Some buzzes are better than others. Gardeners know this. The hum of the visiting bumblebee – good. The high pitched whine of the blood seeking mosquito – bad. Bugs in the garden are a good thing, unless they are after my skin which is why mosquitos and fire ants are my swore enemies. But in spring, I start seeing the biggest scare tactic landscape scam pulled on homeowners. It looks something like this…
I think the pitch would be less appealing to homeowners if branded like this …
You’ll have fewer butterflies, birds, frogs, lizards, and maybe mosquitos!…
But that would be a different marketing approach, and probably a failed one. People want to believe in the “smart weapon” approach. “I hate mosquitos. This bottle/company/sales rep tells me they will eliminate mosquitos. I’ll take it!” But what they aren’t leading with, is that these chemicals are general insecticides. They kill insects. All of them. Just because the bottle shows a mosquito, doesn’t mean the butterflies, dragonflies, bees, and ladybugs got a memo saying “not intended to kill you.” This process is the equivalent of controlling crabgrass in your yard by spraying Roundup on the entire thing. Many of these companies leave warnings to wait before using treated areas, cover pet food/water dishes, shut windows, and cover children’s toys. Why? To reduce exposure. You got the memo, but the bugs didn’t.
The active ingredient in these landscape pesticides is usually from the pyrethrin family, basically a nerve agent for bugs. To boot, most are organically derived! So it must be good. (Then again, arsenic is organic too.) These chemicals are USDA approved and are perfectly legal to buy and use. (It’s worth noting here that as a beekeeper, I need a vet to visit my hives and write a prescription for disease treatments. But insect killer is readily available at any big box store. Go figure.). Pyrethroids – synthetic pyrethrins – are highly toxic to fish and cats. Even dogs can show pyrethrin poisoning. That’s why you are warned to cover bowls and keep animals off treated areas until dry.
What makes these insecticides worse is the way they are applied. It usually involves the ‘more dead bugs is better’ approach. Backpack mounted sprayers are the weapon of choice for the residential service companies. They blast a fine mist of pyrethrins on to plants (flowering & not) in the middle of the day when beneficial insects are most active and the mosquitos are at rest. Homeowners contract these services to provide insect control inside their tidy property lines. Never mind that next door mosquitos could be breeding like rabbits (or mosquitos) only to drift back over come dusk. Every 3 weeks this scenario plays out as the company returns to terminate the offending bugs. And resistance builds. During the 2016 Zika virus breakout, the EPA acknowledged that mosquito control was less effective than hoped because of mosquito resistance to insecticides.
Full disclosure – I’m not a hater. I prefer natural measures but I do use pest control when needed. But the key to effective treatment is identification. Do I really have a problem and do I know what it is? Knowing your enemy allows you to choose the most direct and effective approach for control with the least unintended consequences. I realize alternatives may be less convenient than stroking a check for yard treatment, but they are often cheaper, more responsible, and more effective.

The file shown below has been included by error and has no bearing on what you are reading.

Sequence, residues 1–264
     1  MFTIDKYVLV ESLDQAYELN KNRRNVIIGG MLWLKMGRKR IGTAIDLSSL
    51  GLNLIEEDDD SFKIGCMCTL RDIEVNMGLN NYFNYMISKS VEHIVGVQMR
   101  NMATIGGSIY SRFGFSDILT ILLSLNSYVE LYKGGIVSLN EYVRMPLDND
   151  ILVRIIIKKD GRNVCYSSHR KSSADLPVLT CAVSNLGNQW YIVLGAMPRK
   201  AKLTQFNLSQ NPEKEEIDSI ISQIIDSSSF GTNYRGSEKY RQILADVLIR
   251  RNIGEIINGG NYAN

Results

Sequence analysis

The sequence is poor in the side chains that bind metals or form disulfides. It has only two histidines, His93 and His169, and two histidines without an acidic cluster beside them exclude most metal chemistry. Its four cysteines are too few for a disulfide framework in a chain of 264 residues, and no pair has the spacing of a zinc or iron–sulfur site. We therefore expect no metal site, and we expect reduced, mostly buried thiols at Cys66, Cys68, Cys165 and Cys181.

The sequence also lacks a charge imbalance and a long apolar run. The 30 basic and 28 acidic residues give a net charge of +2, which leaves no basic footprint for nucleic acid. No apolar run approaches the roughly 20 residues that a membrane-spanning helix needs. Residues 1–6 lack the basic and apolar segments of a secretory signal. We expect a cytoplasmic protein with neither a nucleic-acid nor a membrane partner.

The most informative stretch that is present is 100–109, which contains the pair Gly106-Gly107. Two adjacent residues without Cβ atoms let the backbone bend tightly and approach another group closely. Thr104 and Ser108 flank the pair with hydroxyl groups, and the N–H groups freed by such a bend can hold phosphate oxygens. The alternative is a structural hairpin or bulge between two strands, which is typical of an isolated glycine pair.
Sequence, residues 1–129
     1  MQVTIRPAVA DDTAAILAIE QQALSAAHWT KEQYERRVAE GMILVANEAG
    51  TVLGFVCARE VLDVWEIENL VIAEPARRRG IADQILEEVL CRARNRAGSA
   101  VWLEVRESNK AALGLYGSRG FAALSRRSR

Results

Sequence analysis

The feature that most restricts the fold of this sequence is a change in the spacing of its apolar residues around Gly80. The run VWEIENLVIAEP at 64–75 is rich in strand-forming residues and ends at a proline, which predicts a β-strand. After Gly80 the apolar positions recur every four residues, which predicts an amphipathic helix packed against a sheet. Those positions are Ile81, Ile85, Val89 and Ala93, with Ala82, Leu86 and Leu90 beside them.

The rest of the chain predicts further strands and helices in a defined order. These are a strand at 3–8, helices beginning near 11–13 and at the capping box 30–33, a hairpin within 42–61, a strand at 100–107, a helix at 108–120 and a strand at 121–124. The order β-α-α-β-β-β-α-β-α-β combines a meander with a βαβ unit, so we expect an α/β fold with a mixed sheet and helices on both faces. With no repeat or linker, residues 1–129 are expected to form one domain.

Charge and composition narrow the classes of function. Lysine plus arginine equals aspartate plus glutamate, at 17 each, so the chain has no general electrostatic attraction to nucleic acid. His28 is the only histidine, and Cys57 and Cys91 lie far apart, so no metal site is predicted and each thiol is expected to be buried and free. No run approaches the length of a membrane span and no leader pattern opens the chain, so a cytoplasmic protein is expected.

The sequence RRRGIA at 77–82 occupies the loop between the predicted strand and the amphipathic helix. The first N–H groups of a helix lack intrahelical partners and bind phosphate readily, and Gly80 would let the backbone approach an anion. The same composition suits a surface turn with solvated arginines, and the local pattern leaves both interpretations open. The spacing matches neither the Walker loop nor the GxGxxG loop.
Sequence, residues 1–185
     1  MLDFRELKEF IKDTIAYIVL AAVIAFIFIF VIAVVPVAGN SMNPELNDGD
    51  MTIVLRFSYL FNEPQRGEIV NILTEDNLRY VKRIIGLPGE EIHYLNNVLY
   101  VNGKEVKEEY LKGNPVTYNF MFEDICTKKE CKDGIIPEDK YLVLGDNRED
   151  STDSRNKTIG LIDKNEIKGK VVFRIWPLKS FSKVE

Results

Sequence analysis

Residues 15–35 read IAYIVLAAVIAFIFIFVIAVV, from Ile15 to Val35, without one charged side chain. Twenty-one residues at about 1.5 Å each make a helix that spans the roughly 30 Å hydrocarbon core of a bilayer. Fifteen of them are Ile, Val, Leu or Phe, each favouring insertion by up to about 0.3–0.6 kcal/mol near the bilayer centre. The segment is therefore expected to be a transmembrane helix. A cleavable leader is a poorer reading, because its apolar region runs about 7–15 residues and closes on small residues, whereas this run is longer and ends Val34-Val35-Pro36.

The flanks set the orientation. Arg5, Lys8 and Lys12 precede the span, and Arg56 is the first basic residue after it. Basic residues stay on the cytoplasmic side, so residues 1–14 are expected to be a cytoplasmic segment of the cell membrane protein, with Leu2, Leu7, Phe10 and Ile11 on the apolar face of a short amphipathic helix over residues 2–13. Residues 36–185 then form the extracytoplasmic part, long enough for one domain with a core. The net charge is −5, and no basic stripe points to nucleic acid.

We generally overlook the natural (and FREE) lethal garden security forces already in our yards – beneficial insects. These are the real tactical threat to landscape pests. A strong force of frogs, toads, birds, birds, bats, spiders, predatory wasps, ladybugs and praying mantis is a hearty check on any runaway insect population. These guys are voracious feeders on just the pests we want to be rid of. Consider purchasing some of these beneficials to release in your yard. It’s great fun to release lady bugs whose cheery spots bely their hungry aphid appetites. Go get ’em girls.
Next level? Mosquito birth control. There are obvious ideas like eliminating standing water areas (birdbaths, empty pots, overturned toys,etc.). But you can go a step further and interrupt the population. It starts with those donut-shaped mosquito dunks in your local garden center. They are made with BTI, a bacteria larvicide toxic only to mosquitos – not humans, fish or wildlife. Early spring is the best time to start. Put out some small area of shallow water (empty cans, old tupperware, etc.) with a dunk in each. Female mosquitos will be lured in to lay their eggs, which will never develop into adults. This halts the breeding cycle. Leaving no one left to bite.
If you missed the boat there, consider the great advances in repellents. Our family has used Thermacell units with great success in buggy times. The newer models cover even greater distances. Permethrin clothing sprays are handy to apply to outdoor gear. (You can even buy clothes with it built in). This holds up for several washes and repels all sorts of biting things (chiggers and ticks most notably). Permethrin is made from the pyrethrin family but since it is in your fabric, not being broadcast across the flower bed, it’s activity is highly targeted. Then there is the standard issue citronella and spray-on repellents. Your mileage may vary.
Next time you see a ladybug scampering up a stem or a wren nabbing a beetle you can admire your volunteer pest control force. By combining several of these measures, you can work towards a landscape that is enjoyable for you and the insects we have working on our side. Thanks for thinking it through.